03.04.10, Harbus, Helena of Britain in Medieval Legend

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Karen Winstead

The Medieval Review baj9928.0304.010

03.04.10

Harbus, Antonina. Helena of Britain in Medieval Legend. Cambridge: D. S. Brewer, 2002. Pp. viii, 215. ISBN: 0-85991-625-1.

Reviewed by:
Karen Winstead
Ohio State
winstead.2@osu.edu

In Helena of Britain in Medieval Legend, Antonina Harbus focuses on one facet of the legend of St. Helena, mother of Emperor Constantine the Great and putative finder of the True Cross: Helena's identity as a native of Britain. Confining herself largely to British sources, particularly literary sources, she traces the religious and the political strands of what she calls "the British Helena legend" -- i.e, the story of Helena's British origin -- and she elucidates the relation of that story with two more widely circulated legends involving Helena: those of the discovery of the Cross and of Pope Sylvester's conversion of Constantine. A major contribution of this informative and extensively researched monograph is its inclusion, as Appendices 1 and 2, of two hitherto unpublished Helena narratives: Jocelin of Furness's Vita sancte Helene (ca. 1300) and the Middle English St. Elyn that appears in three late manuscripts of the South English Legendary.

Harbus begins by summarizing what can be gleaned about the historical Helena from Late Antique sources, the earliest and most reliable of which yield little information except that she was probably of low birth and that she made a journey to the Holy Land in her old age, a journey that was soon elaborated into the famous expedition in search of the Cross. On the basis of those sources, "it is almost certain that Helena never set foot on British soil" (14). In Chapter 2, Harbus traces what she believes to be the origins of the legend of Helena's Britishness in Anglo-Saxon England. Harbus asserts that the earliest hint in a written record that Helena may have been British occurs in Aldhelm's De Virginitate (ca. 700), which states that Constantine was born in Britain, though she proposes that stories about a British Helena may have circulated earlier in the oral tradition. The view that Helena herself was British, Harbus postulates, may have arisen from the interaction of "hopeful belief" with the erroneous "notion that Constantine was born in Britain," which Harbus characterizes as "a minor variation of the historically accurate version that Constantius died and Constantine was proclaimed Caesar in Britain" (43-44). The British were not alone in their attempt to claim a special relationship with Helena, however, and Harbus recounts the efforts made to represent Helena as a native of Trier by the monks of Hautvillers, near Reims. By the twelfth century, she points out, the British claims had triumphed; indeed, Helena's British origins were officially accepted by the sees of Trier and Rheims.

In Chapters 3 and 4, Harbus traces the elaboration of the Helena legend to suit political and nationalistic agendas in Wales and England. "[D]istinctively and extravagantly creative" Welsh texts dating from the tenth century represent "Elen" as "the progenitor of the race, leader of hosts, builder of roads, and wife of another Welsh appropriation from Roman history, Magnus Maximus" (52). This figure, Harbus claims, played a "significant role" in the construction of a Welsh national identity (52). Post-Conquest English historians likewise appropriated Helena in their efforts to glorify England's past, reinventing her as the daughter of King Cole of Colchester and using her to demonstrate the "vital role" their country played "in the business of the Roman Empire" (66). Henry of Huntingdon was "the first writer actively and transparently to exploit the British Helena story, deploying it within the rhetoric of nationhood when he provides Constantine with a British pedigree" (74). Geoffrey of Monmouth "exploits the nationalistic potential of the Helena legend more fully," transforming Helena into "the ideal progenitor of English kings," who is "not only exceptionally talented, beautiful, and wise...but has been groomed for monarchy" (78-79). Whereas Anglo-Latin historians largely divest the legend of its hagiographic elements (e.g., Helena's role in the discovery of the Cross), vernacular chroniclers often fuse the "secular" and the "hagiographic" strands of the legends, celebrating Helena both as a national heroine and as a saint.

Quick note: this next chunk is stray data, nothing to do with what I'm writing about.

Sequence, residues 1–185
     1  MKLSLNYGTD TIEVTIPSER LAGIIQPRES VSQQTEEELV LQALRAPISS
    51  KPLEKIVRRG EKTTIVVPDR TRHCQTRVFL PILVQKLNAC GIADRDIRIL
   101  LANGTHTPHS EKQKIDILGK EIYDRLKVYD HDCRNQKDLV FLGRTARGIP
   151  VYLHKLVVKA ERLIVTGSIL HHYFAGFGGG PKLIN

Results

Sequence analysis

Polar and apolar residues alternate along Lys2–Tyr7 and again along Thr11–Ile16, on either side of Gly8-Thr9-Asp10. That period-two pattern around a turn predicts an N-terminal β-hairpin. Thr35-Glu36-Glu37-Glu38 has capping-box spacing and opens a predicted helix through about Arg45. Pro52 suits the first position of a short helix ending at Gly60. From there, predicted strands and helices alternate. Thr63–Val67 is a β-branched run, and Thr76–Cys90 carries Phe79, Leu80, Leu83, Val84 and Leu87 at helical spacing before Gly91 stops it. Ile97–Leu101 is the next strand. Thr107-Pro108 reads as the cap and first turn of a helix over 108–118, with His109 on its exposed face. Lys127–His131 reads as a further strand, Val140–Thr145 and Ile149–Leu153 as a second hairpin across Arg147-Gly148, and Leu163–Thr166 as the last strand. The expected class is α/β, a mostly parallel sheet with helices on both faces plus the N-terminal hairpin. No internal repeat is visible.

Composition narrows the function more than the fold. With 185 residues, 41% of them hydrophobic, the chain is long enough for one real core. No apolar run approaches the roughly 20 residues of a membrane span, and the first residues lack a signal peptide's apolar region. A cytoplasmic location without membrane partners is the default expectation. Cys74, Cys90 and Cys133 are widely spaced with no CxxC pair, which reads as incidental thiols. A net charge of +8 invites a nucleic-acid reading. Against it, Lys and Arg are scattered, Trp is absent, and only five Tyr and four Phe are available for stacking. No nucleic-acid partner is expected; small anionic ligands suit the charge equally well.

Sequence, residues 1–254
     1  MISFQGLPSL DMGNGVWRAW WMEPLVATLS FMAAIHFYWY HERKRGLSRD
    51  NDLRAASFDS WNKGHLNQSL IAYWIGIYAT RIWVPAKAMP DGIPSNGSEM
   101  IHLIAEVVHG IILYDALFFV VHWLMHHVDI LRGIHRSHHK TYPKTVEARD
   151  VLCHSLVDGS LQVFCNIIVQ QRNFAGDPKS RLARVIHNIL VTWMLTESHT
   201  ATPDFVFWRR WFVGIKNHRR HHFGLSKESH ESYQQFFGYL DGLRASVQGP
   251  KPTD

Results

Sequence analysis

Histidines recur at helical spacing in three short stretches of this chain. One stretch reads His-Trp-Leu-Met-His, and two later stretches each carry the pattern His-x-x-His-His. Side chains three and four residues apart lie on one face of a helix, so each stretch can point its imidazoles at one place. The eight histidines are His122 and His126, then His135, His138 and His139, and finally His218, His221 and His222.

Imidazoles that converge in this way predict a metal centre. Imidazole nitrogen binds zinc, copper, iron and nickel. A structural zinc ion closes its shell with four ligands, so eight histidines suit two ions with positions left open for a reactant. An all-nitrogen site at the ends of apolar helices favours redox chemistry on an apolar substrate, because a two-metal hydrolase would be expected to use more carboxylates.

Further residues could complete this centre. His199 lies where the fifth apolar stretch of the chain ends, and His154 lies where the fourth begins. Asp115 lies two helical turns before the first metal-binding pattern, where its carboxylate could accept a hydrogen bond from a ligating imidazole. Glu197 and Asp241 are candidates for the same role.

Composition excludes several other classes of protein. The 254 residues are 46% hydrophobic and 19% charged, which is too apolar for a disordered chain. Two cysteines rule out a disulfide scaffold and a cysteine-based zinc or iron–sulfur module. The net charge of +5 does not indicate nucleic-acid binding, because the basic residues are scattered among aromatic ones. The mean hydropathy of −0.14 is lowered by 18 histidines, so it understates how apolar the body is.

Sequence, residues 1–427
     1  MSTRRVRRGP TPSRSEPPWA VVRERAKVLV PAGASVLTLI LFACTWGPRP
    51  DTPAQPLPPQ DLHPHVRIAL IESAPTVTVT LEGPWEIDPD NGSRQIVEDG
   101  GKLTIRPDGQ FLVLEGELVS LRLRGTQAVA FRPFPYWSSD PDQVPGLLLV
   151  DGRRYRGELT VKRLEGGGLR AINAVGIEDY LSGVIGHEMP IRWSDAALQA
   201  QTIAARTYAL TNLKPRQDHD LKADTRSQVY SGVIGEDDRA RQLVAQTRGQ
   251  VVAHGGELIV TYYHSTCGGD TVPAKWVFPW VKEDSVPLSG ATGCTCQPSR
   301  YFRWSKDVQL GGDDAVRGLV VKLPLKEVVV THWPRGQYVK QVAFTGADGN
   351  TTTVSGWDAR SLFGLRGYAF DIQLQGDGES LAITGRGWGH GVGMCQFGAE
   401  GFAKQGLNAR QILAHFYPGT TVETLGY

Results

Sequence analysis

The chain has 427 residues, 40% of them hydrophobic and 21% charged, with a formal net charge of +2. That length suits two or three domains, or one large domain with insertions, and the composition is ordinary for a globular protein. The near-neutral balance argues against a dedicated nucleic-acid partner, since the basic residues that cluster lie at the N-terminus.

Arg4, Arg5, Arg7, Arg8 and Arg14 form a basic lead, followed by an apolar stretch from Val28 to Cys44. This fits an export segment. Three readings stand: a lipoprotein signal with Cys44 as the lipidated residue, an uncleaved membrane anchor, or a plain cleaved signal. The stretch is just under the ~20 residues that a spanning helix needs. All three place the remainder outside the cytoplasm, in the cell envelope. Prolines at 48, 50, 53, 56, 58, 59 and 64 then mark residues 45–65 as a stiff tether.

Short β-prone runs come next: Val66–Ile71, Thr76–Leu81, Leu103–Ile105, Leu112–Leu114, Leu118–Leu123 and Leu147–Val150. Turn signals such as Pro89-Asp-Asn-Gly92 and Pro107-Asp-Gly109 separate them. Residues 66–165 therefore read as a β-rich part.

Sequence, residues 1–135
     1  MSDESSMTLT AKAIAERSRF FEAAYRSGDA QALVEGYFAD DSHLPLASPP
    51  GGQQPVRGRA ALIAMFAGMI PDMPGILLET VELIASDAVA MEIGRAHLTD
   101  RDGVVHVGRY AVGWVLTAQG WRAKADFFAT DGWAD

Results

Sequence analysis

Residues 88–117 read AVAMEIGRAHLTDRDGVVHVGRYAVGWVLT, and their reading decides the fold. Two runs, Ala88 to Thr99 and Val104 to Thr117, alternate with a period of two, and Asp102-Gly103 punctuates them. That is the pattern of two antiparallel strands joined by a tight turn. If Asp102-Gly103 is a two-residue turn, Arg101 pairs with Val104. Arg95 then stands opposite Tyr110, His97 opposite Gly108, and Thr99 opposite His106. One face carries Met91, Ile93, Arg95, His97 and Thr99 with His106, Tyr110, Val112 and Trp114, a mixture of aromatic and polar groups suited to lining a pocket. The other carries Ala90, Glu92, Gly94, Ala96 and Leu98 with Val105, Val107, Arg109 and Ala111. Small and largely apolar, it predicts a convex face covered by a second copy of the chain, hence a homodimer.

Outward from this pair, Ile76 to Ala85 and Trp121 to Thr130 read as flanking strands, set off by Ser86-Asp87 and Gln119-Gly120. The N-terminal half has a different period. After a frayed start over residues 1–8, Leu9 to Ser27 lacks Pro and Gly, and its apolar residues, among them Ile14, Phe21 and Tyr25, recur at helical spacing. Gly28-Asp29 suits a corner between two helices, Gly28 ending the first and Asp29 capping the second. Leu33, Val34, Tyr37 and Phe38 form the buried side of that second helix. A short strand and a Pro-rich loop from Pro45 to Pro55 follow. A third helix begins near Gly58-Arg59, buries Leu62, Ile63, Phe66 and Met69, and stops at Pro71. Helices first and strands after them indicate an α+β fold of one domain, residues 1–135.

In Chapter 5, Harbus turns to the representation of Helena in the post-Conquest hagiographical tradition. Though Helena was the dedicatee of many churches and a popular subject of late medieval iconography, she rarely appears in English church calendars between the Conquest and the beginning of the fifteenth century, and her legend is not included in collections featuring national saints until the sixteenth century. Harbus speculates that there may have been some skepticism about the British Helena legend on the part of "religious writers and administrators" (106), for English hagiographers appear to have been less interested in her as a saint in her own right than in her role in the discovery of the Cross. Jocelin of Furness's vita is the only full-fledged account of Helena's life to survive from late medieval England; the Middle English Elyn deals more with St. Sylvester's conversion of Constantine than with Helena's life.